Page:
The Single Ladies Guide To Decor Books

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This piece was originally published on The Huffington Post.

I’ve always thought that one of the best parts about being single is having free reign over how I decorate my space. Whether it’s creating the perfect office/bedroom or making the executive decision to hang that vintage Janet Jackson poster that I bought in LA  front and center in my living room — the choice is always mine and it’s utterly liberating.

Why does this matter? Because I’ve been an interior design nerd ever since I moved into my first solo apartment in my early twenties. In between homework and part time jobs, I’d spend hours poring over decor magazines and (later) blogs, soaking up inspiration. However, back then “decorating” often meant throwing a pillowcase over a Rubbermaid bin and calling it a nightstand. Now that I’m in my thirties, I enjoy having the ability and resources to create a more adult space. This includes being able to collect books that I can use for inspiration.

A few months ago,  Overstock sent over a collection of (now classic) home decor books that I’ve been lusting after since my Rubbermaid bin days. O.co has been my go-to spot lately for all things home (see my nightstand update & home office posts), but it wasn’t until very recently that I discovered they also have an awesome collection of home decor and coffee table books available at prices well below what you’d find at a bookstore. But as I’ve learned, when it comes to both love and books, not everything (or everyone) lives up to your expectations.

So, do these classic home design books pass the test of time? Let’s find out.

1. Domino: The Book of Decorating

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Before there were a bazillion different design blogs, there was Domino. This colourful and eclectic home magazine was a major design inspiration for me in my twenties — not to mention, a welcome reprieve from the ubiquitous “I just bought everything at Ikea yesterday” design aesthetic. Although some of the room concepts no longer seem fresh, the advice offered is solid. From how to style an entryway and hang artwork properly to small space solutions; the pages are chock full of helpful decorating tricks that everyone should know. Plus, there’s also a “decorators handbook” at the back that gives the correct terms for various styles of upholstery and window treatments so that you’ll never have to go to another home store and ask for “that scrunchie style with that doohickey attached.”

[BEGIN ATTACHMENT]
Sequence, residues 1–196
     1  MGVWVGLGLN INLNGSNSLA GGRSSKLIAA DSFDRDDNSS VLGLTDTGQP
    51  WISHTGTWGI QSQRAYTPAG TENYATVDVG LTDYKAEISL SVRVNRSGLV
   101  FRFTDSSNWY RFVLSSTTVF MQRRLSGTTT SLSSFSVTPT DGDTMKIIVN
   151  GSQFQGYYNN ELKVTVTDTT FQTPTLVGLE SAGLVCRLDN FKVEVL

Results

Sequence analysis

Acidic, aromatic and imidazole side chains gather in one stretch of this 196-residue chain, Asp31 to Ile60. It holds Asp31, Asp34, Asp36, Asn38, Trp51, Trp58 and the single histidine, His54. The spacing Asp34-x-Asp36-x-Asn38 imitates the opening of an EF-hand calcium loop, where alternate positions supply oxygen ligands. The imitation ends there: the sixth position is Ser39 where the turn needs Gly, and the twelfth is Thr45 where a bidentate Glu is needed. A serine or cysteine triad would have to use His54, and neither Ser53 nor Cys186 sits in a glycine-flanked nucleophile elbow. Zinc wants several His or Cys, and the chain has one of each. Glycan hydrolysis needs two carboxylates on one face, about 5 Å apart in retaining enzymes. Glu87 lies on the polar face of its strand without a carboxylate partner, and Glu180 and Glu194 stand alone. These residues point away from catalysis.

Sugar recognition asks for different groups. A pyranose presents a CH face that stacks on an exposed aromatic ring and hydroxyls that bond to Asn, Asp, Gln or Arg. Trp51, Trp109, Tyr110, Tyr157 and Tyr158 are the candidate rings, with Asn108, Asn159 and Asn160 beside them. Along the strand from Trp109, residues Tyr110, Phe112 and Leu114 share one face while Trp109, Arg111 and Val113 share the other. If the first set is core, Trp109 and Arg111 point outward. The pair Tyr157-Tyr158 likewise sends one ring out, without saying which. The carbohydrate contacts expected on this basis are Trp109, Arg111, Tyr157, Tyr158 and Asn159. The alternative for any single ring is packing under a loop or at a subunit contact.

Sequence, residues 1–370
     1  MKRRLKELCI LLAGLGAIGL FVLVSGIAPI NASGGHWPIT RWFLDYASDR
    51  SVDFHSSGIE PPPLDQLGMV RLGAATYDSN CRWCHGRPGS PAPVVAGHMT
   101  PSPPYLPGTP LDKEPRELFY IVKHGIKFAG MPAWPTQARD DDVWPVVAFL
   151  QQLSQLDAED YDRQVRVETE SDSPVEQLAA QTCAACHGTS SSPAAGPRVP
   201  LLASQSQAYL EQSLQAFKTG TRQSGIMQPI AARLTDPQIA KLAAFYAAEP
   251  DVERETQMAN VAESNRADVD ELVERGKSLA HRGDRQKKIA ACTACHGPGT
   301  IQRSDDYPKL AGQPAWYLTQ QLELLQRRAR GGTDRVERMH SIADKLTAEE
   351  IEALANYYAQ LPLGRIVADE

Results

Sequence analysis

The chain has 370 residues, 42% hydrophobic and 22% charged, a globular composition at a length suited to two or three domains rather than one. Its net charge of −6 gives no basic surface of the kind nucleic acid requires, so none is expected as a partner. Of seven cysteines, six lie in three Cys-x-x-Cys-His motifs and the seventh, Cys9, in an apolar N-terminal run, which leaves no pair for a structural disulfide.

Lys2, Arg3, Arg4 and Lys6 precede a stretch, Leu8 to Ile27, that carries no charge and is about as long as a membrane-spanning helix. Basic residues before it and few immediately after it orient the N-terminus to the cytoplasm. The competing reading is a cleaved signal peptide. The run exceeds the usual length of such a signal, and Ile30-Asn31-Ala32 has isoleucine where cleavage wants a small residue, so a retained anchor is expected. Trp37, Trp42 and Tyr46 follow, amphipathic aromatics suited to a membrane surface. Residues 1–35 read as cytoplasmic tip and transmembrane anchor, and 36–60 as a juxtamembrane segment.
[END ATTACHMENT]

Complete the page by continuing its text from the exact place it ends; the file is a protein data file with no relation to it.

This magazine cover isn’t featured in the book, but I’m including it anyways, because I love it and Mindy. (image found here)

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2. The Jonathan Adler Book: My Prescription for Anti-Depressive Living

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I’m completely obsessed with all things Jonathan Adler, so it should come as no surprise that this was one of my favourite books of the haul. As the title suggests, this isn’t just a home book. It also touches on the importance of mental health. I truly believe that your living space affects your overall sense of wellbeing. Adler agrees. As he writes, “Your home should be like a good dose of Zoloft […] Coming home should be an antidote to the troubles and traumas of everyday life.” With advice like “be inappropriate;” “paint everything white and add colour with abandon” and “do whatever makes you feel happy;” this book is a cheeky, colourful manifesto on how to add joy to your everyday life.

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3.  The Good Life: Palm Springs by Nancy Baron

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My grandparents used to go to Palm Springs every winter in the 60’s and 70’s. I think their love for Palm Springs and all things California has rubbed off on me. Although this book of photographs by Nancy Baron isn’t technically a home decor book, there’s so much inspiration to be had within its pages (especially for someone like me, who describes their decor style as “bright, airy and with a touch of mid-century modern.”) This book definitely lived up to the hype — and then some. Airstream trailers. Backyard pools. Swinging 60’s prints. If any of this resonates with you, don’t sleep on this book. It’s timeless.

PS. Isn’t this couple adorable?!

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Tricia Guild is known for her bold fabric, wallpaper designs, and an extraordinary sense of colour and pattern. As I’ve learned, adding pattern and colour can make a world of difference in a space, but it can also be intimidating. Following the success of her books on colour, this richly hued coffee table book shares her skills with patterns. Of all the books, this one feels the most dated. Do you remember a time when every bar, hairdresser and boutique had the same obnoxious black and white, baroque, wallpaper? Well, there’s a lot of that in Pattern (which, makes sense since this book just celebrated its ten year anniversary.) But if you’re able to handle revisiting 2006 every few pages, there’s a lot of good stuff here. Guild schools us on everything from Kimono fabrics to European checks and stripes; making the book a good resource for anyone who wants to learn about interior design and maybe, just maybe, add some more colour to their life.
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Do you have any go-to home decor or coffee table books? I’m curious and want to know!
Thank you to Overstock for facilitating this review. I received these products free of charge in exchange for my honest opinion.